Summer is upon us and days that begin covered in sweat are best spent getting wet. Tuanjiehu’s water park, a glistening oasis of waterslides and fake sand beaches, is the best place to spend hot days. There’s also a roller-skating rink, paddleboats, grassy lawns, and a brilliant population of koi fish waiting to fight over any crumbs you care to drop them. Outside the park, Tuanjiehu’s boxy pink apartments and shady tree-linedstreets offer a great example of Beijing life. Family-run restaurants and small boutique shops are everywhere. Sitting on stoops in the scorching heat, shop owners chat amongst themselves or peer out from doorways to watch the stream of old men and their tiny dogs stroll by. Located within walking distance from Sanlitun, it’s the perfect place to while away a lazy summer day.
The north entrance to Tuanjiehu lies just east of Changhong Bridge and Tuanjiehu subway stop, and is marked by an old, rusty arch. The east entrance to Tuanjiehu Park is about a five-minute drive or a 15-minute walk down Tuanjiehu Lu. The street makes for a nice stroll, and with lots of little restaurants and snack stalls lining the pavement, it can double as a picnic basket supply run.
Local favorite No Name Crispy Honey Buns (1) lies on the southeast corner of Tuanjiehu Lu and Yaojiayuan Lu. There’s a line for these sweet buns any time of day, but it moves quickly and one bite proves that these sesame-dusted delights are well worth the wait. In a wonderful symbiotic relationship, there’s a fried chicken stand just next door. The buns and crispy chicken go together perfectly – your arteries may not thank you, but your children will.
Head two minutes east from the same intersection, and you’ll see the entrance for Tianyu Market (2). The market is a bit like Yashow with a more relaxed, flea market vibe, and has fewer crowds and lower prices. Pick up a bamboo mat and a pair of badminton rackets for the park, or swing by on your way home and build yourself an aquarium at their huge pet supply market.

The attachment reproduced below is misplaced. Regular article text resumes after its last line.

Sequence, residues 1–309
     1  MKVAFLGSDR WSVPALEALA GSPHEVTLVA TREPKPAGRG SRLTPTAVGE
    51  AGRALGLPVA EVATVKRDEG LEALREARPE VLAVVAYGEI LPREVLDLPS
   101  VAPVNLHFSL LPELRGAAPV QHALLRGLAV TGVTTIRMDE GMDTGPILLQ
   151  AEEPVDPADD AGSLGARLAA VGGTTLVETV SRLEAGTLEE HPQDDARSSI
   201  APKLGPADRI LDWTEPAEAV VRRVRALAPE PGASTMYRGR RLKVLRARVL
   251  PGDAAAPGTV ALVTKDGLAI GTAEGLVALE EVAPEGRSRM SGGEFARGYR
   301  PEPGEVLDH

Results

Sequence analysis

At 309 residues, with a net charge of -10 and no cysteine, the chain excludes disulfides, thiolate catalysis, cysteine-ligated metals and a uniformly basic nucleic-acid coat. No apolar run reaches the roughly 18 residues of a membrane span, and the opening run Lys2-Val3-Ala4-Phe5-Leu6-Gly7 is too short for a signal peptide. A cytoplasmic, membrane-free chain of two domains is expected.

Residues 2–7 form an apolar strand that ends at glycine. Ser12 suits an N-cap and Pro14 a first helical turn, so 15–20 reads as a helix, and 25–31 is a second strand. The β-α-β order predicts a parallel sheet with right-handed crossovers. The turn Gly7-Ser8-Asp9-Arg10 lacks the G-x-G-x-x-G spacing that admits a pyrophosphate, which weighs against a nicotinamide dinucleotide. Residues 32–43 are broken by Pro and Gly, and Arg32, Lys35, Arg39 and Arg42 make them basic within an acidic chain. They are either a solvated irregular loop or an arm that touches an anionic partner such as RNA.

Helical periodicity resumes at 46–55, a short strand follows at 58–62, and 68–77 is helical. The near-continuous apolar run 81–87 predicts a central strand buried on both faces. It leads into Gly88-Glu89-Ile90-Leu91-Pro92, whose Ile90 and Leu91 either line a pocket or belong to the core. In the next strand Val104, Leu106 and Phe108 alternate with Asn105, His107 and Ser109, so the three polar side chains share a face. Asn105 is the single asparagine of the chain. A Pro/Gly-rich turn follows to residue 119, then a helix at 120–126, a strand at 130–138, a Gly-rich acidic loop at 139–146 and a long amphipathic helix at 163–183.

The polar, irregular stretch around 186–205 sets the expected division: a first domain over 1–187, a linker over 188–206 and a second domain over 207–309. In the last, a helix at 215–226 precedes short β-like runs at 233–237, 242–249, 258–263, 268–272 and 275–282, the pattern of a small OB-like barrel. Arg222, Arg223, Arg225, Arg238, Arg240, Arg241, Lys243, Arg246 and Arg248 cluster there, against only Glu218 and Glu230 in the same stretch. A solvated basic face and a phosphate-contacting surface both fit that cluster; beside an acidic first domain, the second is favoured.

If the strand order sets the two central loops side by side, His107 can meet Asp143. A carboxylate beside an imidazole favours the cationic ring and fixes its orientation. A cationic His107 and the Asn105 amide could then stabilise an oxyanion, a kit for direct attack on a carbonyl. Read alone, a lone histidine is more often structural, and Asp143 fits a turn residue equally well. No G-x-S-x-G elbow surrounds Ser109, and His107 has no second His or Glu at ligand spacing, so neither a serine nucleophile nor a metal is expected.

Before you enter the park, stop by Jackhut (3) for a cheap and absolutely amazing mango smoothie, or iced bubble tea. If you don’t want refined sugar or just want fresh fruit, grab half a watermelon from the fruit stand just opposite the park gate.
With your picnic basket prepared, head for Tuanjiehu Park and its main attraction: Tuanjiehu Water Park (4). After entering the east gate of the park, walk beneath the stone archway and then over a moon bridge. The waterpark is on the left. Drop a bit of bread into the Tuanjiehu Park pond (5), and you’ll be rewarded with a brilliant sea of yellow, orange, red and black koi fish splashing at the water’s surface. Just beyond the moon bridge is an outdoor crafts center where kids can paint ceramic figurines and bowls. Bigger kids can try their hand at throwing clay on one of the electric wheels. There’s no kiln, but they can microwave your creation until its dry enough to take home.
At the entrance of the water park lies a roller-skating rink. You can rent a pair of rollerblades, or just stand by and watch as nimble boys and girls gracefully slalom past plastic cups.
However, the main attraction is of course the water park with its two large slides, a wave pool, a play area for toddlers, and a sand beach. The water and sand are clean (enough) and even if you’re not swimming, the park is a great place to people-watch. There are plenty of families, both Chinese and expat, as well as a motley crew of teenagers, older couples and body-builders. Drinks and ice cream are available in the waterpark, but the food is disappointing – you’ll be glad you grabbed those honey buns and fried chicken on the way in.
When you’re done splashing around, stick around for dinner – there are lots of good restaurants in the area. A short walk south of the park entrance, on the same side of the road, is the four-story golden building of Jin Ding Xuan (6). The bustling, casual restaurant has a vast menu with a good selection of dim sum and mango and coconut desserts, as well as quick service. Alternatively, head across the street to the northeast corner of Tuanjiehu Lu and Chaoyang Beilu, and you’ll find the Guolin Homestyle Restaurant (7). This spot is great for large groups, and their delicious duck is a cheaper alternative (RMB 68 for a whole roast duck) to the infamous Da Dong, located just a few blocks north at Changhong Qiao. When you’ve eaten your fill, hop in a cab and head to the air-conditioned comforts of your home.
No Name Crispy Honey Buns 上海蜂蜜脆皮烤馍
Daily 6am-8pm. Southeast corner of Tuanjiehu Lu and Yaojiayuan Lu (next to the Kodak shop), Chaoyang District (135 5239 5872)
Tianyu Market 天宇市场
Daily 9am-6pm. 10 Tuanjiehu Dongli, Chaoyang District (8598 0697)
Daily 8.30am-10pm. Tuanjiehu Park East Gate, Chaoyang District (8598 5515)
Tuanjiehu Park 团结湖公园Free entry. Daily 6.30am-9pm. Tuanjiehu Nanli, Chaoyang District (8597 3603)
Tuanjiehu Water Park 团结湖游泳池
RMB 20. Daily 6am-9.30pm (summer). 16 Tuanjiehu Nanlu (inside Tuanj-iehu Park), Chaoyang District (8597 3603)
Jin Ding Xuan 金鼎轩酒楼
Daily 24hrs. 15 Tuanjiehu Nanlu, Chaoyang District (400 6766 111)
Guolin Homestyle Restaurant 郭林家常菜
Daily 10am-2.30pm, 4.30-9.30pm. 52 Tuanjiehu Shuidui Xili, Chaoyang District (8596 8530)